The year I turned 13 was the year I started high school and the year anxiety moved on in.
We didn’t know it was anxiety. Mum and I. We had no idea what it was or even that it could, possibly, have a name. All we knew was that school drop-off became hell. For her and for me.
I couldn’t leave the car.
I really couldn’t.
It was like I was too heavy for my body and everything was in slow motion and I felt sick and exhausted and my heart was pounding– boom, boom, boom, boom – and I was hot and cold and empty and sweaty and red faced and cracked lipped and I was going to be sick or faint …
I couldn’t join that group of girls who met under the veranda by the library and greeted everyone with a hug as if they hadn’t seen each other for years. I didn’t know what to say. I didn’t know what to do with my hands. I didn’t know how to arrange my face.
Of course, they wouldn’t know this. I would get there, eventually, or not. Some days, Mum would say let’s go home but not always, not everyday and on those days I would get there because I had to. I would join in. None of them would have known. None of them would have noticed the tears in my eyes and the lump in my throat and the tremble in my hands.
I wasn’t good at the things you are meant to be good at high school; parties, talking on the phone, hanging out, sleepovers. That sort of thing. I think I may have been good at it, once, but something happened inside me and I would overthink it and worry and talk myself into not going. So I wouldn’t go. Unless I had to. And when I did, because I had to, I was fine, of course. I had the funny dance moves and the long hair and the silly accents and I could handle this and, most of the time, I did. No one noticed.
They didn’t notice and could not be expected to notice. Why would they? By the time I was in my final year of high school I was school captain and played Juliet in an angst-ridden performance of Romeo and Juliet and I was on the debating team and the school ball committee and the year book committee and carried a clipboard for you to please sign this petition against this and I was in the local newspaper and was probably going to be, like, an actor or something, you know …
But I was struggling. With anxiety.
I could get out of the car and I had figured out how to arrange myself and what to say but I still hadn’t mastered that other stuff. That important stuff. I made myself sick over having to call a friend after school because I didn’t think I would know what to say. I didn’t turn up to parties or just go and hang out on the weekends because I didn’t think I would know how to act. I played versions of these events in my mind, over and over again, until I felt sick and had a stomach ache and thank god I can’t go now.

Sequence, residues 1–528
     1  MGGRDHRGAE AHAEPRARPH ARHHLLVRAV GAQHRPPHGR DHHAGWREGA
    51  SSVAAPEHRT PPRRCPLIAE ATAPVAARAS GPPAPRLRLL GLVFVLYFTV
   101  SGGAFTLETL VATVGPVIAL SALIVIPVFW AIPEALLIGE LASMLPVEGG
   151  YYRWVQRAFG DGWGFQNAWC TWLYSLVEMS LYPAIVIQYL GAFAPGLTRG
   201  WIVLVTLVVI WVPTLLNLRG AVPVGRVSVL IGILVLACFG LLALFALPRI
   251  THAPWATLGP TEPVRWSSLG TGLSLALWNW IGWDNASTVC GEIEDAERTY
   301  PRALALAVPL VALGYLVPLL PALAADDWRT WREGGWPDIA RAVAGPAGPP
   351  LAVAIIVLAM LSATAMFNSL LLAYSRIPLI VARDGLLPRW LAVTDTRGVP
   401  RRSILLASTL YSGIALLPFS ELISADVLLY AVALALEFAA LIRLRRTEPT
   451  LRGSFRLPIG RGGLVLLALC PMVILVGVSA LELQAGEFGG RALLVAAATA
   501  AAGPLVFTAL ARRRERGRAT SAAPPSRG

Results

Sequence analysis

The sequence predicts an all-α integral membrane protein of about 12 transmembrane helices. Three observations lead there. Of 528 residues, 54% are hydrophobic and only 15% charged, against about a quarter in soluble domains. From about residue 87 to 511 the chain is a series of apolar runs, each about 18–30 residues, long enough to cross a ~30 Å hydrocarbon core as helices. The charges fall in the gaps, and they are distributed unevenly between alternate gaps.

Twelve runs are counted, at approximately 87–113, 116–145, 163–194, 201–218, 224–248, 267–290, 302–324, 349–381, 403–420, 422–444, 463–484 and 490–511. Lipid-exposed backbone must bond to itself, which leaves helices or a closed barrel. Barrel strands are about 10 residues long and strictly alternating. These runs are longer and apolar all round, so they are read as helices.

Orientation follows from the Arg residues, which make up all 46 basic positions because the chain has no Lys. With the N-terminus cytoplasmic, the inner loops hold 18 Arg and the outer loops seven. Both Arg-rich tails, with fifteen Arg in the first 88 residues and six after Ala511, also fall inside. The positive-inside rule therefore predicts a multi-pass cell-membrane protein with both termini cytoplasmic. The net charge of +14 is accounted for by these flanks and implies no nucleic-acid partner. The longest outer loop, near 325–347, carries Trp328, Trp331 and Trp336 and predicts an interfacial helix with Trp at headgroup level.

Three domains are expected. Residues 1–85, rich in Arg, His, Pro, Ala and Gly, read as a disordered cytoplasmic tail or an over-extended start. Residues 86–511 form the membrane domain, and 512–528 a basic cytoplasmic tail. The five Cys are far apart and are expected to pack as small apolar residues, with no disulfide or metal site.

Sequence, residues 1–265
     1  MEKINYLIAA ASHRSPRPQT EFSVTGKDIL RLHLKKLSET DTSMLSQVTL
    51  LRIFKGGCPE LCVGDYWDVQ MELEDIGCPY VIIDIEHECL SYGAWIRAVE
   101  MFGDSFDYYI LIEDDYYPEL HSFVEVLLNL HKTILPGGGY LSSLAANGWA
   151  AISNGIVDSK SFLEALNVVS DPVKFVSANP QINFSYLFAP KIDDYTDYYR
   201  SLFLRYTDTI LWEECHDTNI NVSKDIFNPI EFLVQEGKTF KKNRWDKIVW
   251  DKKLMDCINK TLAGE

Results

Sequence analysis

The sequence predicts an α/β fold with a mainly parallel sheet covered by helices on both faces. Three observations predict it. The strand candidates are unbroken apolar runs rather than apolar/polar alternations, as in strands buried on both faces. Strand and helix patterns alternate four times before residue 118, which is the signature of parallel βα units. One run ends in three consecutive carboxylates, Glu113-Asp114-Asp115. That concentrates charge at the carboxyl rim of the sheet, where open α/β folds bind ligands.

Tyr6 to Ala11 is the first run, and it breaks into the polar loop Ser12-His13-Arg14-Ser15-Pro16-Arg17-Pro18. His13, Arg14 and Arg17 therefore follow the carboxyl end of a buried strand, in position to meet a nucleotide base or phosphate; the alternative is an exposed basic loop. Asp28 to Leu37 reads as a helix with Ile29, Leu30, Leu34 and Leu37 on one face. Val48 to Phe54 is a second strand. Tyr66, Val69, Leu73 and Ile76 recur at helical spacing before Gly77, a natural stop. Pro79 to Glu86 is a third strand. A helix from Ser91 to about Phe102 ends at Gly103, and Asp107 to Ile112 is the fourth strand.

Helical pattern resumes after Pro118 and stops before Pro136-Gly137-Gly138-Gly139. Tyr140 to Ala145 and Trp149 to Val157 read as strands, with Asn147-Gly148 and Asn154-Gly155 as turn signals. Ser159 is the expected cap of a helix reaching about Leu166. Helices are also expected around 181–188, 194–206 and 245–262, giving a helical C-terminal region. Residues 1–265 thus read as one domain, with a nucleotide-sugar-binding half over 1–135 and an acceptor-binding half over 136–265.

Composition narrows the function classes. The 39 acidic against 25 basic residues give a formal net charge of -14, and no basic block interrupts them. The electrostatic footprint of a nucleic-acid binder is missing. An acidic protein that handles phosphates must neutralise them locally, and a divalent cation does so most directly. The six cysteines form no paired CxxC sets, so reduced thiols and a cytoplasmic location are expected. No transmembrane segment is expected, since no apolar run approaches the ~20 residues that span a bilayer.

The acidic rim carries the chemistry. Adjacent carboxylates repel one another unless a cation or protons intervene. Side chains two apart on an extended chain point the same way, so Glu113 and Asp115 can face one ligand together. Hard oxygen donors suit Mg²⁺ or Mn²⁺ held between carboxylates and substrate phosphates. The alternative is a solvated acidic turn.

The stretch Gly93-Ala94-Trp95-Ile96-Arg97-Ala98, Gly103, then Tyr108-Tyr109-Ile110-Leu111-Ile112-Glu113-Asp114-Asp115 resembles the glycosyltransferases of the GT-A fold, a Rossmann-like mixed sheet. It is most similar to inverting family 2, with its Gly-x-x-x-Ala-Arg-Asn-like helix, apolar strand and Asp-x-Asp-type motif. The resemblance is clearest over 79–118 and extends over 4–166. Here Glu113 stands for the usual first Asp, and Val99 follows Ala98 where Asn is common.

Friends get annoyed at that sort of thing. Of course they do. You find yourself not invited. You find yourself waiting for them to pick you up for the Year 12 graduation dinner only to discover they’re not coming via your house now because this is payback high school style and of course they cannot understand. How could they?
Anxiety feels like such an issue of privilege … Part of you thinks, how dare I be anxious? It is really, quite ridiculous. But it is true. And it is there. And, my friends, it is the reason I sometimes stay inside and miss your party or the opening of your play or your phone call … and for that I am sorry. I hope you know that. I hope you notice.
I have written a play for young people, Reasons to Stay Inside, about a boy who becomes so anxious he builds a giant pillow fort and refuses to leave it. His best friend does all she can to get him out. Nothing works … But she doesn’t leave him. She stays. She waits.
Anxiety is awful. Having a friend with anxiety is awful. I have written the play I wish I had seen when I was 12 going on 13. I have written the best friend I wish I had had. I have written something I hope will get the conversation started and make it easier for young people to talk about anxiety.